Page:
Introduction, Specifications, and Pricing
Taichi has been the flagship motherboard coming out of the ASRock enthusiast lineup for the last several generations. Initial offerings from the AMD X570 variant nearly a year and a half ago gave us a solid 14 phase platform equipped with PCIe 4.0 slots and a plentiful amount of USB 3.2 ports.
With the launch of AMD Zen 3, many vendors are updating their motherboard platforms, and ASRock is certainly one of them. For the revamped Taichi, they partnered with Razer, one of the largest gaming brands on the planet, to release the X570 Taichi Razer Edition. This new motherboard carries over many features from the initial design but has some updated features that we will touch on below.
Specifications and Marketing
Comparing both platforms, the Razer Edition is a slightly beefier solution with a bolstered power design including dual 8-pin CPU inputs to handle the new Ryzen 5000 series processors. We also have updated networking with Killer Networks on both LAN and WLAN. Audio has seen a redesign, still using the ALC1220 but with an added ESS Sabre DAC and a 2V power amplifier.
The rest of the motherboard carries on the proven design of the X570 Taichi, albeit flavored with Razer design.
The ASRock X570 Taichi Razer Edition carries an MSRP of $399.99 with a three-year warranty.
Packaging, Accessories, and Overview
Packaging and Accessories
As expected, Razer has put their design into the motherboard packaging as well, with green flair added to the box. You will find an image of the board centered with supported platforms across the top.
The back offers an overview of the board above, while down below, we have supported features including AMD CrossFire and NVIDIA SLI.
Included in the box, we have a quick install guide in several languages and a software setup guide. You will want to hold onto the software CD to the left as you will need it if you want LAN support.
Further accessories include the Wi-Fi antenna, a screwdriver for removing the m.2 heat sinks, and SATA cables.
ASRock X570 Taichi Razer Edition Overview
Above, we have the front and back of the motherboard adorned with Razer aesthetics. This includes a custom backplate with Razer's "For Gamers by Gamers" motto and heat sink covers that includes Razer Chroma lighting.
Getting closer to the board, we start with the PCIe 4.0 slots, three that are full x16 physically but x16, x8, and x4 electrically in order. Along the bottom, things are quite busy, but a few things stand out, including the WIMA film capacitors on the left, Thunderbolt 3 header in the middle, and debug LED / power to the right.
Diving around the corner, we find 8x SATA ports, USB 3.2 Gen 1 header, and a Gen 2 header above it.
Further up that side, we run into another front panel header for USB 3.2 Gen 1 and the 24-pin power connection.
Wrapping around the next edge, we roll into ARGB and RGB headers, CPU fan, and both 8-pin CPU power connections.
The rear I/O includes BIOS Flashback and clear CMOS at the top, followed by the antenna and PS2 connections. We then run into the USB 3.2 arrangement that includes 6x Gen 1 ports and 2x Gen 2 ports.
PCB and Circuit Analysis
Diving into the power design, we start with a total of 16x Vishay SIC654 Power Stages offering 50A current output. These are similar to the SIC634 used in the original X570 Taichi, but with added technologies including OCP and OTP.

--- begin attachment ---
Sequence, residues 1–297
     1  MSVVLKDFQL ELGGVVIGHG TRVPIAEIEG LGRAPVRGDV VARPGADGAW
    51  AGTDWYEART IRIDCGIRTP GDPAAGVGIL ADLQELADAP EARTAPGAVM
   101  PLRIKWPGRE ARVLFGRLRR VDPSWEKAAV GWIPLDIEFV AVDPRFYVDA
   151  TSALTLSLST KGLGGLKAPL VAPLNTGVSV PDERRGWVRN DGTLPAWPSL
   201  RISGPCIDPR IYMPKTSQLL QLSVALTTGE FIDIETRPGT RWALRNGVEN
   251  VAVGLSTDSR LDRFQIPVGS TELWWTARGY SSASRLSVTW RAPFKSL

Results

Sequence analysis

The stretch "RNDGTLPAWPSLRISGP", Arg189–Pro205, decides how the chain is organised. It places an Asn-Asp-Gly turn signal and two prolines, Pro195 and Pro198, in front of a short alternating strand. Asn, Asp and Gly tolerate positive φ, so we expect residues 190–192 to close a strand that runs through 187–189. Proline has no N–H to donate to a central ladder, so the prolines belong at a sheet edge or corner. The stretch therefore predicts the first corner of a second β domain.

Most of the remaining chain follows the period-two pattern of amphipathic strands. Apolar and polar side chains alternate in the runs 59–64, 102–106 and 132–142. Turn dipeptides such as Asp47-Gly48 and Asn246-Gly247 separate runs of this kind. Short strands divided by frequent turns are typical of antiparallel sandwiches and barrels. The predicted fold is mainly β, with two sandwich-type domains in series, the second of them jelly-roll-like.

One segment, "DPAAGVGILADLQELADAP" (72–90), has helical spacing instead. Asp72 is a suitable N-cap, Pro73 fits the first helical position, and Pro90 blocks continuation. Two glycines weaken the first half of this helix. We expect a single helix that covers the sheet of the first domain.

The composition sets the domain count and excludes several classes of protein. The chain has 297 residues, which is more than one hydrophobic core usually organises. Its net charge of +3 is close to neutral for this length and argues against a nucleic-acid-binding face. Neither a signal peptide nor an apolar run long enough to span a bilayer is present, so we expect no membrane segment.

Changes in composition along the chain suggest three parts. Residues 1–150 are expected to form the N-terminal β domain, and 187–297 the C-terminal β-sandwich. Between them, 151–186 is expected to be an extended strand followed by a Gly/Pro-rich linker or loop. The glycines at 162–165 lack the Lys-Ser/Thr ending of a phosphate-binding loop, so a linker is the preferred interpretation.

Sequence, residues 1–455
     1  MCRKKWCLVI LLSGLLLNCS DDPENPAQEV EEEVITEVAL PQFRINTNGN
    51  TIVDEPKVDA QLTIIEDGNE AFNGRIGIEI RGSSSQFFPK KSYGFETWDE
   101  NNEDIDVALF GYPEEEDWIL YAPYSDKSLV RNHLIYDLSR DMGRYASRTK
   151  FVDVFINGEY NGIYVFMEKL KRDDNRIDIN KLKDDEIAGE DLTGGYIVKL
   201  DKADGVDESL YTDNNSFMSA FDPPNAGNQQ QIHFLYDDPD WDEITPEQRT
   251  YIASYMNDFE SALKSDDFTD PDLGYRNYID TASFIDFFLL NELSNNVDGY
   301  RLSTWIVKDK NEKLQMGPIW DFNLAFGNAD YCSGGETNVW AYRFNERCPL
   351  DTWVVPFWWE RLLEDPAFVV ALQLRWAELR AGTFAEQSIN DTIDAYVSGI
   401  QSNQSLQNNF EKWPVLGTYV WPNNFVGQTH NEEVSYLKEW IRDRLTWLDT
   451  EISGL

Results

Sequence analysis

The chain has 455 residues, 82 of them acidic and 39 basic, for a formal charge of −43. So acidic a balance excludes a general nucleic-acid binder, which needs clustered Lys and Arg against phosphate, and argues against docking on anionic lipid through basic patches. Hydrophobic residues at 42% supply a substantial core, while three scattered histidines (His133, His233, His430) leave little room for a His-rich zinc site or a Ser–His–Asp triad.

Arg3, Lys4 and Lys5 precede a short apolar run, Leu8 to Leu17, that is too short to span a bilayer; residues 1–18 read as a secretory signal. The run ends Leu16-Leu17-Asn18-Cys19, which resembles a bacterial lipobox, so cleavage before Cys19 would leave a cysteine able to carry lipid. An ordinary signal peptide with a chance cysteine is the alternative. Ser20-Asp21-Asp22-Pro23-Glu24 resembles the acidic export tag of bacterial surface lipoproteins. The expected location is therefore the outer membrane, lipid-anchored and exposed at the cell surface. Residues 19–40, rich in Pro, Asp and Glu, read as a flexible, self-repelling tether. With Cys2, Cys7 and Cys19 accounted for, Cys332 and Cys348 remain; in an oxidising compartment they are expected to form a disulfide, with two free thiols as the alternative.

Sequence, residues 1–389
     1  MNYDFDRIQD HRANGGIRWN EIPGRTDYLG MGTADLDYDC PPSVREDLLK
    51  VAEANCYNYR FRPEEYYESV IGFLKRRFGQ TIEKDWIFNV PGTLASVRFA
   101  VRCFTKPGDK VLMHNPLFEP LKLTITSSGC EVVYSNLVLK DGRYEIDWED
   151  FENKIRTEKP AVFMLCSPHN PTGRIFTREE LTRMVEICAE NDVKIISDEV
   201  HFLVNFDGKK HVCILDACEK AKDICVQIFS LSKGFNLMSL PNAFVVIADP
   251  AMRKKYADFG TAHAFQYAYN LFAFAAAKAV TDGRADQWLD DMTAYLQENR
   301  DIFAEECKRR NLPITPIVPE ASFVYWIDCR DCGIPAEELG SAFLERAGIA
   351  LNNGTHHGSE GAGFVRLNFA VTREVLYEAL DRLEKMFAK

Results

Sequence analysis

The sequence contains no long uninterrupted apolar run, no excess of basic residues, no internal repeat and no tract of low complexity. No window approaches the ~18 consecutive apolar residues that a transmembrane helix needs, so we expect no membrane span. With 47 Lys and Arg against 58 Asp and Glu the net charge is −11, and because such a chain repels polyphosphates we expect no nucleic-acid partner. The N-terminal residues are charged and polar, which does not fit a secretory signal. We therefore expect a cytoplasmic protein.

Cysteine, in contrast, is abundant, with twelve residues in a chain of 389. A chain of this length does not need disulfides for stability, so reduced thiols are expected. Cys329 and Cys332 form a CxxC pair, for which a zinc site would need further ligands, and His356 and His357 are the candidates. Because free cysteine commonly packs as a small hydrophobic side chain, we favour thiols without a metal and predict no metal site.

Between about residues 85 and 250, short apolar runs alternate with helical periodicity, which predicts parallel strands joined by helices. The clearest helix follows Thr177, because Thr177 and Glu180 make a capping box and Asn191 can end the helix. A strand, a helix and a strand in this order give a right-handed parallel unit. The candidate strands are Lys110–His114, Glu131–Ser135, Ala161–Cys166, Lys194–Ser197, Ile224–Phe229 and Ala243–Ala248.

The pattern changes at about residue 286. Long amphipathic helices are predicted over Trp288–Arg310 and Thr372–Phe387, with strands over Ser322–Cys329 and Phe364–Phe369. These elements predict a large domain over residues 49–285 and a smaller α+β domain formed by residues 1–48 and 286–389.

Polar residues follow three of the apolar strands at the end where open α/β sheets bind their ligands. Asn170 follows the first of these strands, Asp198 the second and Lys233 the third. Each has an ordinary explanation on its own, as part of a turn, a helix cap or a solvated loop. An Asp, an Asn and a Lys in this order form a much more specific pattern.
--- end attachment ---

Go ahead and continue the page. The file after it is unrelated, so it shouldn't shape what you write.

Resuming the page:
A Nuvoton NCT6796 was brought in to handle Super I/O.
The AMD X570 chipset takes a large portion of the Taichi's real estate, sitting just below the memory slots.
Audio CODEC is the ALC1220 from Realtek with an added ESS Sabre DAC just below.
The heat sink platform for the X570 Taichi features a heat pipe design for the VRM area and a single-piece setup for the chipset and middle M.2 slot. The large backplate does offer some heat dissipation to the rear-mounted stage doublers used on the board's back.
UEFI, Software and Test System
The setup offers a fantastic colorful EFI that brings life to the Razer Edition. The main menu provides a quick overview of the installed CPU and memory, while OC Tweaker brings overclocking options for CPU, memory, Infinity Fabric, and PCIe.
The advanced menu holds most of your basic menu options, including onboard device configuration. The tools menu includes support for Razer Chroma setup without the need for software. You can also see Easy RAID, SSD Secure Erase, and NVMe Sanitize to manage your storage. Instant flash is available to update your BIOS.
Multiple pieces of software support the X570 Taichi. The first we will look at is Killer Control Center.
We have looked at Killer Control Center on several occasions, so it's certainly a welcomed addition to the Razer Edition.
KCC has several features, and one of those includes GameFast optimizations that manage your system for the best gaming experience possible.
Another huge feature is the ability to utilize your gaming PC, with the Razer Edition motherboard to create a hotspot for your nearby wireless devices or xTend your existing network.
Last, we have bandwidth settings from which you can run a speed test to set those correctly and Doubleshot Pro in the bottom menu, allowing you to spread the network load of your machine between your wired and wireless NICs.
Razer Synapse is our next piece of software for the X570 Taichi. This allows you to manage Razer Chroma effects by device and with the ability to add modules with everything from Philips Hue and Amazon Alexa.
Moving to the System menu, you can move through your devices, including the motherboard, to setup lighting profiles using either Chroma Studio or Visualizer.
Within Chroma Studio, you can customize all the way down to per LED.
The Last piece of software is A tuning. This software gives you full control over all overclocking frequencies and voltage within Windows and is probably the best vendor made software for this.